It was probably the first time I’d ever felt lucky to have a uterus.

I stood in line and waited behind the noisy women, each one loudly chewing on bubble gum. Finally, there was only one woman left before me. She handed the man a passport and he started entering the contents into a worn out desktop computer.

“What name should I type in?” he asked, cigarette dangling from his mouth.

“Well, I don’t know!” the woman retorted, laughing loudly, “type in whatever’s on the passport!”

He stared at her in surprise. “You don’t know your own name?”

She laughed again, louder this time, and covered her mouth in mock shyness. I was starting to wonder if she was trying to acquire a fake identity.

To my surprise, the man laughed and gave her the certificates anyway. I walked up to him, trying to look as polite as possible. When he realized I wasn’t one of the flirting, gum chewing girls, he typed in my details quickly without as much as a glance in my direction.

Thank God.

Since I was the last one in the ladies’ line, he shouted at the men telling them to step towards his section. I walked out amidst the miserable looking men and saw a girl entering the room as I walked out.

I looked behind me; the room was now filled to the brim with men, standing haphazardly and unsure about which line to join. I looked back at the girl sympathetically.

God save your soul, fellow uterus.

I clutched my birth certificates to my chest, partly to keep them save and partly to keep my own chest safe amidst the swarming group of people everywhere. The man with my ID was still surrounded by people, and every 20 minutes he would call people’s names and it would be their turn.

I couldn’t find a place to sit because every possible seat seemed occupied by people who looked like they had been waiting a while and had nowhere else to go.

As I stood, frantically bitching on twitter about how horrible the weather was, a man elbowed me to pass. I lost my balance and almost fell, and he didn’t even notice.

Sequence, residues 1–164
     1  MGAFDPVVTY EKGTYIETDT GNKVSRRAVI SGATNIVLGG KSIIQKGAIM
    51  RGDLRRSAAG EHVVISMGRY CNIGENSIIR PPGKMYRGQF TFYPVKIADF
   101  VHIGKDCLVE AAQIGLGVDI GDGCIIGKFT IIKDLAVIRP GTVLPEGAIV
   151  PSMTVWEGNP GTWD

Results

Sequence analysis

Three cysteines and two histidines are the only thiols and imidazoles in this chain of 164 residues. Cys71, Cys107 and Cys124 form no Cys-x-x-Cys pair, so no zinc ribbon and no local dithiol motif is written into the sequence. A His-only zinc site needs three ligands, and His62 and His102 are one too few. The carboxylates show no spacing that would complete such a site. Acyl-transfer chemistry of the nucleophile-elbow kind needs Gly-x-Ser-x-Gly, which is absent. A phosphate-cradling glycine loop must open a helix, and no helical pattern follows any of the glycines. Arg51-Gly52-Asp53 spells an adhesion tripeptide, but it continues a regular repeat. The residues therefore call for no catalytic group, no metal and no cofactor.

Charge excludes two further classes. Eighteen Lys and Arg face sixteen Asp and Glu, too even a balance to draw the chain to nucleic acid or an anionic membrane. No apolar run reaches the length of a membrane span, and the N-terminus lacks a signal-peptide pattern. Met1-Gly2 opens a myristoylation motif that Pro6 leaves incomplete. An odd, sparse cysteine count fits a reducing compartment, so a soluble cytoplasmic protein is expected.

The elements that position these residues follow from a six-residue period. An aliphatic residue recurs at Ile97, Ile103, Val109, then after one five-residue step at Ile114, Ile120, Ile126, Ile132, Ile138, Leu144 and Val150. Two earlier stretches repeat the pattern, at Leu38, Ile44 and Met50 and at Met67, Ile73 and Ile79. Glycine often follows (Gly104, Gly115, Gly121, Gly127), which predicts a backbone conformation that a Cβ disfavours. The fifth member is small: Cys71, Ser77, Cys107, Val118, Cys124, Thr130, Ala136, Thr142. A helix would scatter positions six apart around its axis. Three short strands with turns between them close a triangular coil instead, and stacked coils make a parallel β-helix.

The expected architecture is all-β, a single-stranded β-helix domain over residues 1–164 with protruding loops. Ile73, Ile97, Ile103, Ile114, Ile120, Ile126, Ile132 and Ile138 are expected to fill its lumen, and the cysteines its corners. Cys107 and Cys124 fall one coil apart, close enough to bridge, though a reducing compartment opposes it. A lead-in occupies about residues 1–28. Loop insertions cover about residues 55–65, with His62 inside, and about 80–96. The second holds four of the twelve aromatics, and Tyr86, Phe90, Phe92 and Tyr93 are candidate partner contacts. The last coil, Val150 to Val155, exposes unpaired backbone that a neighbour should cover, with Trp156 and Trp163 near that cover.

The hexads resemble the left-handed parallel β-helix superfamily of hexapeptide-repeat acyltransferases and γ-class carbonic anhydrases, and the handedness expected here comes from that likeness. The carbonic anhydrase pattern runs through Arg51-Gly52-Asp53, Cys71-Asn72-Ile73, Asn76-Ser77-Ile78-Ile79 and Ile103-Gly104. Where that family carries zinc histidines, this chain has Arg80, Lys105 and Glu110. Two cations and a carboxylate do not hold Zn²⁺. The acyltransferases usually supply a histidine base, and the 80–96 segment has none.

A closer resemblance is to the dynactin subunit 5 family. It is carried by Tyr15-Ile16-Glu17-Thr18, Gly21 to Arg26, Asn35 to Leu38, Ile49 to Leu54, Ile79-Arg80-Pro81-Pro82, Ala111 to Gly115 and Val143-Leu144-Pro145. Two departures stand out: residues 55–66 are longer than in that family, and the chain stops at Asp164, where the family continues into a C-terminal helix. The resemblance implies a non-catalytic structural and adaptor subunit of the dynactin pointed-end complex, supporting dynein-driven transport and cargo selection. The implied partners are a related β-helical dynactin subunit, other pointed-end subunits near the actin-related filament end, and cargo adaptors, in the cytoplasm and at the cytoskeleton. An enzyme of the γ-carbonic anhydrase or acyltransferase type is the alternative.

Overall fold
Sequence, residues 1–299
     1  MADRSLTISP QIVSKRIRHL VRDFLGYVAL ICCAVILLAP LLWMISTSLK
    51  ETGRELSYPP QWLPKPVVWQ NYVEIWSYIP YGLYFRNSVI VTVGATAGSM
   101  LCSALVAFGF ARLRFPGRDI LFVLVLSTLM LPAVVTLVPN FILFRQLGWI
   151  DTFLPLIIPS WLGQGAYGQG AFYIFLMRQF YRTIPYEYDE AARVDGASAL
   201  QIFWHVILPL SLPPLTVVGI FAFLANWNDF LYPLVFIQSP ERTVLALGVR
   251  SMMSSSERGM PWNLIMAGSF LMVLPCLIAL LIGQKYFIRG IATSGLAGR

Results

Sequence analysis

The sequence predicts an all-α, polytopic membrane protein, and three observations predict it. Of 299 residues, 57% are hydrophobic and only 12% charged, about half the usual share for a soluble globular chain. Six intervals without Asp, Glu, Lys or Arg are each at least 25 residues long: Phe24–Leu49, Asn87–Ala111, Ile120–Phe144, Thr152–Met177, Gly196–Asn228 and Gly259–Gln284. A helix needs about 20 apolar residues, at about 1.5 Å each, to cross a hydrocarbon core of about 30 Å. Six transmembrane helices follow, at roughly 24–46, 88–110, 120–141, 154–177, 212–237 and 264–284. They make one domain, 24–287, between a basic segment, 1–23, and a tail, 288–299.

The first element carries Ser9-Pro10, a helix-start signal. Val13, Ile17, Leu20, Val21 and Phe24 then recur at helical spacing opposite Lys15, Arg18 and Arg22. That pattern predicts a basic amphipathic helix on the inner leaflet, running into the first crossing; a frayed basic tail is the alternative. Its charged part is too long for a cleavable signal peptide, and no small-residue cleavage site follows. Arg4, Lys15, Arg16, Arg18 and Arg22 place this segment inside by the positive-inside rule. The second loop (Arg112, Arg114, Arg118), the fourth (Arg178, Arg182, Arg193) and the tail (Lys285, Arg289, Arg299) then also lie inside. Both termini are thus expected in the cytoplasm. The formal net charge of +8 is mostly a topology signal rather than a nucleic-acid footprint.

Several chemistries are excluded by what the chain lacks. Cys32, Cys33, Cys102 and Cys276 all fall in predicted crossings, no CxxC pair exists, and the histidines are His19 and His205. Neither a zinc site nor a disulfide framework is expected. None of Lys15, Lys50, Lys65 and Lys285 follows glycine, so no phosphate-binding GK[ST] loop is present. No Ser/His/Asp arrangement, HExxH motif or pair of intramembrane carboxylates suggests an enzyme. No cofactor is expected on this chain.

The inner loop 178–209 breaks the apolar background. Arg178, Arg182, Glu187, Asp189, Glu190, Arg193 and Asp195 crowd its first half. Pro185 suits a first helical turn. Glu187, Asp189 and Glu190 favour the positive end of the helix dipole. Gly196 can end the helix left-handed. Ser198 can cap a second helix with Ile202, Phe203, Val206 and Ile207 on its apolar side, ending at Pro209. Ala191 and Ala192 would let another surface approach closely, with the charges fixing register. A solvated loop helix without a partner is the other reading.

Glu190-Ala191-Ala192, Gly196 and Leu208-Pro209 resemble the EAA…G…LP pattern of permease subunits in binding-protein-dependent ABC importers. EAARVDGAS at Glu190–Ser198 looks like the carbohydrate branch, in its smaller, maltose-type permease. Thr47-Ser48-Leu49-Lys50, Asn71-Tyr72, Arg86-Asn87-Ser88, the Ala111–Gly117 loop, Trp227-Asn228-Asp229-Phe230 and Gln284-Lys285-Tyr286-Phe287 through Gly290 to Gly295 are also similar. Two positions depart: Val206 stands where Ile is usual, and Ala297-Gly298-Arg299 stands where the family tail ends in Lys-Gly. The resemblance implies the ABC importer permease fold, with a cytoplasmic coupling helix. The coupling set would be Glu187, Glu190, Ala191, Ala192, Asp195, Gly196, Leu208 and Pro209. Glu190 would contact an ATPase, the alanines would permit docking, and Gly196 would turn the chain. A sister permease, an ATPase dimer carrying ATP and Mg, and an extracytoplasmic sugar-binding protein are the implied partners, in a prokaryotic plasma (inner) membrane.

Wow, chivalry really was dead.

And that’s when the tea man came in. Every two minutes he’d come out of this mysterious place no one could pinpoint with the tea and then go right back inside. I must have seen him do the same thing over a dozen times.

I waited for about half an hour, and finally it was my turn. I entered a small, depressing looking white room with two small desks and two depressing looking people, typing away. I had about six other girls waiting in line with me, and we each waited our turn.

Of course, one of them had to cut in line in front of me. But since I knew full well that this was not my turf, I kept my mouth shut. The people here wouldn’t care about people who cut in line –heck; they probably rewarded them for it or something.

When it was my turn, the woman at the desk took a very unflattering picture of me and then yelled “next!” without even a glance at me.

“When can I come pick it up?” I asked politely.

She stared up at me with one of the most hateful and bitter facial expressions I’d ever seen, asking “what?!”

I was offended. It wasn’t like I was asking for drugs. I quietly repeated my question and she looked me up and down in disgust.


I nodded and left the depressing room, stepping out into the hot Cairo weather once again. I had two more destinations to go; I needed to finish my errands without murdering anyone in the process. I was in a police station, for crying out loud. They’d arrest me on the spot.

“Tea! Tea! Who wants tea?”

But then again, what’s a few years in prison?